So far, this show is just plain cool.  As atmospheric as all AMC shows, but there isn't an imbalance of substance and style.  The zombies are gross, creepy, and perfectly nightmare-ish: the upper-half zombie crawling across the grass that Rick eventually shoots was super nasty.   The dialog is spare, precise, and purposeful: the fear of making too much noise and attracting the walkers puts a special emphasis on what is said and not.  The characters are determined to carry on but aware of the desperation of their situation; the discussion about the missing tools highlighted that while most recognize the necessity of co-operation to survive it doesn't make everyone into happy share-y people.  The whole thing comes together kind of like an excellent monster movie from times gone by: enough gore to make it exciting, enough intellect to make it interesting.  

While it kind of hurts to see her as a (unknowingly) cheating wife, I'm thrilled to see Sarah Wayne Callies again.  I missed her.

I have to say this though, I HATE SHANE.  I might get over this, I might be having an extreme reaction, he may turn into a great character, who knows.  Right now, I am in hate.  He obviously had feelings for Lori beforehand, and he used the aftermath of a plague to act upon them, which is so cowardly.  He told Lori Rick was dead for pete's sake, that is like premeditated creep.  (My conception of Shane's thought process: "The world is coming to an end and surviving would be a total win, but I think my number one priority should be nailing my best friend's wife.")  Now, I'm not saying that Ed didn't need to be dissuaded from abusing his wife and daughter, and that on that level there wouldn't have been a bit of vindictive joy in Shane kicking his ass, that is if Shane's actions had had anything to do with protecting Carol or the other members of the merry-band-in-the-woods!  But it didn't.  Angry at Lori's rejection Shane behaves just like Ed: physically dominating a party not responsible for his disappointment.  In fact, Shane might be worse than Ed, because Shane pretended that what he did was for the greater good, not the selfish brutality of a weak man that it was.  At least Ed is upfront that he is a piece of shit.

But doesn't every show need a character for me to hate?

The TV Girl

Monday, November 8, 2010

Supernatural: One Step Forward, A Step and Half Back

(6.06 "You Can't Handle the Truth" and 6.07 "Family Matters")

The last two episodes of Supernatural have had some good moments, some not so good moments, some pluses, some minuses.  First, the pluses.

I'll admit it, I kinda dig Robo-Sam.  As we now know (though we may have guessed) Sam's body and mind may be here on earth, but his soul is still trapped in a cage in hell with Lucifer and Michael.  And if Sam and Dean work with Gramps Campbell to round up creatures for Crowley, then the new king of hell will make Sam all whole again.  Not only is Soul-less-Sam a little bit awesome, with the willingness to kill with only minor hesitation and all, this is a chance for the show to do something really interesting.  No-Soul-Sam is a separate being from dearly departed Sam Winchester, and that opens a new field of possibility for the show, and I for one hope the writers take advantage.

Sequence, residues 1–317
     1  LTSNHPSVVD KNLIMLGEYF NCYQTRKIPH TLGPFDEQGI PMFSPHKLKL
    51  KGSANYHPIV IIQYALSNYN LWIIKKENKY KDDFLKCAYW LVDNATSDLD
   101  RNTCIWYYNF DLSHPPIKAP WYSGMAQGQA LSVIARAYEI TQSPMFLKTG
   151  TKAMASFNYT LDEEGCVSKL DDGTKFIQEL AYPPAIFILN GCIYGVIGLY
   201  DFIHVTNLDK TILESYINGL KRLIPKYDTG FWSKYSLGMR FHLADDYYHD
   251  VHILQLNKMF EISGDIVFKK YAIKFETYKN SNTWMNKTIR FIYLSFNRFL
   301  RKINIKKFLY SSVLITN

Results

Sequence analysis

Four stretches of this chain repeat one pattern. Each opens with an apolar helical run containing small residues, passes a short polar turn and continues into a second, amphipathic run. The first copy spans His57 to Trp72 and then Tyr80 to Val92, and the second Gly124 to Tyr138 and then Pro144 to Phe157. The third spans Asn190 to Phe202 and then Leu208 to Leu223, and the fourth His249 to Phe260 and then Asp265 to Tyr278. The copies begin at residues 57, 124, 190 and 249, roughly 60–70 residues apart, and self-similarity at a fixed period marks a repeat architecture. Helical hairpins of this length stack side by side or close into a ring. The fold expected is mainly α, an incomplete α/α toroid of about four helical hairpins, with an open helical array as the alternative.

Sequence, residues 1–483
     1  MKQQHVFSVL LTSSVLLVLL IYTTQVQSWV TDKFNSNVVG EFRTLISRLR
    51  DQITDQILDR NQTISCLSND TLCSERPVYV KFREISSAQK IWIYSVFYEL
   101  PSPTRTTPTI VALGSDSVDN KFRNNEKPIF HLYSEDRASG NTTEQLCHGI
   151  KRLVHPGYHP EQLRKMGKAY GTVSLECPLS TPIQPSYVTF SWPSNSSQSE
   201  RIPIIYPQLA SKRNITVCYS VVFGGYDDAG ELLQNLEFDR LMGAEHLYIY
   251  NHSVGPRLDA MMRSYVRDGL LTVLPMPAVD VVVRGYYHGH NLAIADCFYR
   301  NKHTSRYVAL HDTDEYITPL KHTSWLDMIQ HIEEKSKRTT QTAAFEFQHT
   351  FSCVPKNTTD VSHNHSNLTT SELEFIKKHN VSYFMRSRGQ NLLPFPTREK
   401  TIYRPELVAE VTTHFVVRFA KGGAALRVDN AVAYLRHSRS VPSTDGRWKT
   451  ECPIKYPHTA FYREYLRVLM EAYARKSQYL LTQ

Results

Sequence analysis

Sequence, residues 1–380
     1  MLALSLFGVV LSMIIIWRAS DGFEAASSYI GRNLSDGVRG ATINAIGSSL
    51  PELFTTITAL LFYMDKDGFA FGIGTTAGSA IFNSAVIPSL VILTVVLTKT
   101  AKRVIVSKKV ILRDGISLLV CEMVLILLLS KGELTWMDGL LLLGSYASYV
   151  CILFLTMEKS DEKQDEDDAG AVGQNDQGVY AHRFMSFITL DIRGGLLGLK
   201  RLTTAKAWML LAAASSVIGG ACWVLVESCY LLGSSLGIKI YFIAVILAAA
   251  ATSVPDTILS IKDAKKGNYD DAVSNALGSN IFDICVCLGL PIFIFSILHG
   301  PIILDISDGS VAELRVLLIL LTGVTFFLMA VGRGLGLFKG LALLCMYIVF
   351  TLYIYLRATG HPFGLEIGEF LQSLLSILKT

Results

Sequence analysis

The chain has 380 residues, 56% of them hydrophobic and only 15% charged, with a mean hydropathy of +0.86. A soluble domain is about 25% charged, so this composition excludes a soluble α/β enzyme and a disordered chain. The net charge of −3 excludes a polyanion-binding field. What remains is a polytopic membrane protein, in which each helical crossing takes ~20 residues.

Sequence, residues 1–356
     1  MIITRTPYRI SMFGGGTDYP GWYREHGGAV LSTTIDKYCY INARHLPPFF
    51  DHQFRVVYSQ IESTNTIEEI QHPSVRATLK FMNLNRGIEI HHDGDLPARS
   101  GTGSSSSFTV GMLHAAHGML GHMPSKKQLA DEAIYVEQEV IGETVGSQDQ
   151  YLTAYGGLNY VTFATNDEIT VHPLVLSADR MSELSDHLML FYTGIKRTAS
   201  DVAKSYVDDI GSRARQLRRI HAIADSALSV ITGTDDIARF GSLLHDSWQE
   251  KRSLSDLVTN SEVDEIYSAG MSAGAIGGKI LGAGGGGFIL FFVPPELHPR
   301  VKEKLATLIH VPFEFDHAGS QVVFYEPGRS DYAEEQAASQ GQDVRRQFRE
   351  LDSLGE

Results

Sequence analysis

While I understand and agree that is was necessary for Dean to take his father down off the pedestal, I sort of got choked up when he finally said something good about John after so many seasons.  We've all read the Aeneid, we know heroes cannot carry their fathers on their backs forever, but his desire for his father's respect and affection was his defining motivation for so many years, it seems that without finding some empathetic understanding of his father's strengths and weaknesses, that Dean will always be adrift.  (And doesn't that seem to be the big problem, that while other people have been trying to force him into a role, Dean has been purposeless.)

And I though I have SERIOUS problems with the little old overarching storyline for this season (which I'll get to in a sec) I will not argue with more Mark Sheppard.  I get a little giddy every time he shows up on screen, so fine, let the boys be Crowley's bitches for now.

But make no mistake, I think that Purgatory-is-where-supernatural-creatures-go-when-they-die-and-Crowley-wants-to-find-it is hands down, without a doubt, barring none, THE STUPIDEST THING THAT HAS EVER HAPPENED ON THIS SHOW.  Not every episode is the best ("Bugs"), some plot  developments have crossed the campy-line into the shamefully preposterous (Anna's grace is in a tree), but I actually got up and left the room (to get another beer) when Alpha Vamp dropped his knowledge on wee little Sam and Dean.  Not only is it the lamest idea ever (days later I'm still dumbfounded by this choice of storyline), but they made it so frakking obvious how weak it is.  I say the following as a decently intelligent person, a scholar, a TV junkie, and a truly disappointed viewer:
  Some of us didn't go to cut-rate state schools, we actually read "Purgatorio" and if the show wants to make up it's own definition of Purgatory they are free to do so (as much of a mistake as it is) but leave Dante out of it.

I'm so angry I could spit, and I don't think I realized it until I wrote this.

Yet Little Women taught me that I should not let the sun go down on my anger, so, I will end on a positive note.  How cool was it when that dentist murdered his pervy patient with the drill?

The TV Girl